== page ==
First look at Schneider-Dougherty Administration

Emily Echevarria, Government Reporter

Ally Schneider and Kayla Dougherty, SG President and Vice President.

After a round of uncontested spring elections, it was announced that Ally Schneider and Kayla Dougherty would be the acclimated President and Vice President of the Student Body. The duo was deemed by the Forward Party to be its “most experienced ticket ever.” Who are they, and what plans do they have for UNF?

Schneider, currently serving as the Chief of Staff in the Aloszka-Costello administration, was elected to a senatorial position in the spring of 2018 and briefly served as the chairwoman of the University and Student Affairs Committee. 

Dougherty was elected to the Senate in the fall of 2017 and is currently the chairwoman of the University and Student Affairs Committee. Both women attribute their time on the committee as an influence on their philosophy for Student Government. 

“Because we’ve both been USA chair, I think our view of what Student Government should be is extremely student-centered. It’s not supposed to be a self-serving organization. It’s not supposed to be a resume builder,” said Schneider. “It’s kind of the most powerful tool students have to advocate for themselves.”

“Within Student Government, it is probably the most direct way to communicate with the students,” commented Dougherty.  The USA Committee drafts Osprey Voice and Roundtable surveys throughout the semester to gauge student opinion on different campus-related issues, like campus preachers and parking.

When Schneider and Dougherty first learned the results of their campaign, they were shocked. 

“We didn’t believe it,” said Dougherty. “It still doesn’t always feel real.”

Their reaction, though, was a mixed bag of excitement and disappointment. They ran unopposed for office, and the senatorial elections were uncontested for the 4th semester in a row. 

“We’re definitely disappointed,” Schneider said about the lack of participation in the elections. “I think that it’s not 100% the responsibility of the parties to make sure an election is contested, and we’ve had a lot of problems with the Office of Elections in the past maybe not being quite up to par with what we need them to do.” 

“I think that’s a big issue and it’s something we’re absolutely going to focus on in our administration,” she continued. “What type of structural change can we enact that’s going to make sure that this never happens again? But we were also disappointed that the other party didn’t run a presidential ticket, because it’s important to give student choices in who’s governing them.”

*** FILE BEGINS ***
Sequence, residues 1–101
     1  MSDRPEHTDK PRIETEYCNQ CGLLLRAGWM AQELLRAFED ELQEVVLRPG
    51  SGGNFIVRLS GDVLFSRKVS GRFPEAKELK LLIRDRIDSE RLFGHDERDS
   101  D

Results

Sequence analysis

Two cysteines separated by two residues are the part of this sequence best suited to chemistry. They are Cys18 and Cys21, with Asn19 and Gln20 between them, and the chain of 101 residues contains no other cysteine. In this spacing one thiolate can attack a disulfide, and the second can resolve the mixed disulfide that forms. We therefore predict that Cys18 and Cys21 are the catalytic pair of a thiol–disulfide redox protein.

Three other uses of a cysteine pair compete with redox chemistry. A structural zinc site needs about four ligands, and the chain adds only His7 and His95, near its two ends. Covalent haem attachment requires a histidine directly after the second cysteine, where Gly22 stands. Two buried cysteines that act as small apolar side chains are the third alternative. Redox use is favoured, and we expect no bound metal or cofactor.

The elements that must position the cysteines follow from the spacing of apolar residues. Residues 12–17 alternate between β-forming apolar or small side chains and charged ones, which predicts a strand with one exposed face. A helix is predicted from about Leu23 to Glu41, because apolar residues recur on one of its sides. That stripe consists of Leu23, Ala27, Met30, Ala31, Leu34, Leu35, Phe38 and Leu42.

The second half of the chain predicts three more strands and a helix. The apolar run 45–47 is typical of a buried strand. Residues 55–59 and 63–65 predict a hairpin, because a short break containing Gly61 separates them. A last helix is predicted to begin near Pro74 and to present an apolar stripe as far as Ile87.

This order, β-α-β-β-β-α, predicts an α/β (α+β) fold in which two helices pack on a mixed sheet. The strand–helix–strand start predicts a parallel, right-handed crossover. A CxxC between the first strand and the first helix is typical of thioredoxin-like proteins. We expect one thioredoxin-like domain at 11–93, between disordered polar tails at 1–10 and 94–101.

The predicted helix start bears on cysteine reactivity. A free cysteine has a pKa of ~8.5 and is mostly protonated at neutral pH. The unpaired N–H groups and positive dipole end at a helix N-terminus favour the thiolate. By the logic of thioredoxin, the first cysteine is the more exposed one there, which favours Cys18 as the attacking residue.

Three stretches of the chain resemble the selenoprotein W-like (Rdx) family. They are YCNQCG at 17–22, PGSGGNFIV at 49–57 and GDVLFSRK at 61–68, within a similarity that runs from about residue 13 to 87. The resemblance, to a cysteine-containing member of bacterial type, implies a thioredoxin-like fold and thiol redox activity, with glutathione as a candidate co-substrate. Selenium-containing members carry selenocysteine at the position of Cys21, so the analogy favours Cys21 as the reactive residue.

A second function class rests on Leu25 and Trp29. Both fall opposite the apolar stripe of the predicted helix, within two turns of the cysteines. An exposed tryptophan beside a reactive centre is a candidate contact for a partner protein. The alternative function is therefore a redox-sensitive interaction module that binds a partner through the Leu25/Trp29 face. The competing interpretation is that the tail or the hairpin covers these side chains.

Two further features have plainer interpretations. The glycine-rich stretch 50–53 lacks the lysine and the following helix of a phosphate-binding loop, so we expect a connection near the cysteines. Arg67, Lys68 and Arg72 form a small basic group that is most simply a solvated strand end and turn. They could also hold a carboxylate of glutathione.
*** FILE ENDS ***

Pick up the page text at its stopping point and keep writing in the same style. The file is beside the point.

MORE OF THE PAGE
16 of the senatorial candidates came from the Forward party, while only 2 came from the PINK party. PINK did not run a presidential ticket. 

“I think it’s just sad because we’re supposed to be a representative body,” commented Dougherty.

Schneider and Dougherty will be focusing on changes to the Office of Elections this summer during a Constitutional Convention. This event allows Student Government to edit the constitution and make structural changes to how the organization operates. 

“I don’t want to say exactly what yet… we’re still teasing out all the detail and stuff, but I would say there’s definitely going to be an attempt on our part to restructure the way that the Office of Elections works because it’s now been two years that it hasn’t really been working,” said Dougherty. 

Outside of changes to the elections process, Schneider and Dougherty have 3 umbrellas for initiatives they’d like to complete. 

“The first is campus safety,” said Schneider. This includes increasing lighting on campus, repairing blue lights, and continuing to address campus preachers. 

“I did a safety survey as USA chair last semester,” said Dougherty. Based on the results, Dougherty wants to focus on more lighting in Lots 14 and 18. There were also reported issues with existing blue lights. 

“We’ve heard from multiple students that they don’t work or they just look broken,” Dougherty commented.

During her time in the Senate, Dougherty created a JR on campus preachers, which was approved by the Senate in the fall. “We’re always going to be addressing the campus preachers,” said Dougherty.

Their second umbrella of initiatives focuses on access to resources. 

“One of the big things that we want to do there is put Lend-a-Wings satellites in housing areas because Lend-a-Wings is open during business hours during the week and we have, I think, 1,700 students living on campus and they’re here over the weekend, they’re here at night, and we want them to have access to food 24/7,” said Schneider. Under President Aloszka’s administration, Lend-a-Wings was relocated from Hicks Hall to the Student Union in an effort to make it more accessible for students. 

Other projects will include giving every student 25 free pages of printing at the library and attempting to get Uber and Lyft discount codes, though Schneider acknowledges that this might be difficult. 

“I can’t say (the project) will be done in the next year because it’s a lot,” she said. “A lot of other schools do that and I think that it’s important to keep students safe, especially if you’re not allowed to drink on campus. Drinking is still happening and we need to make sure that students are not drinking and driving.”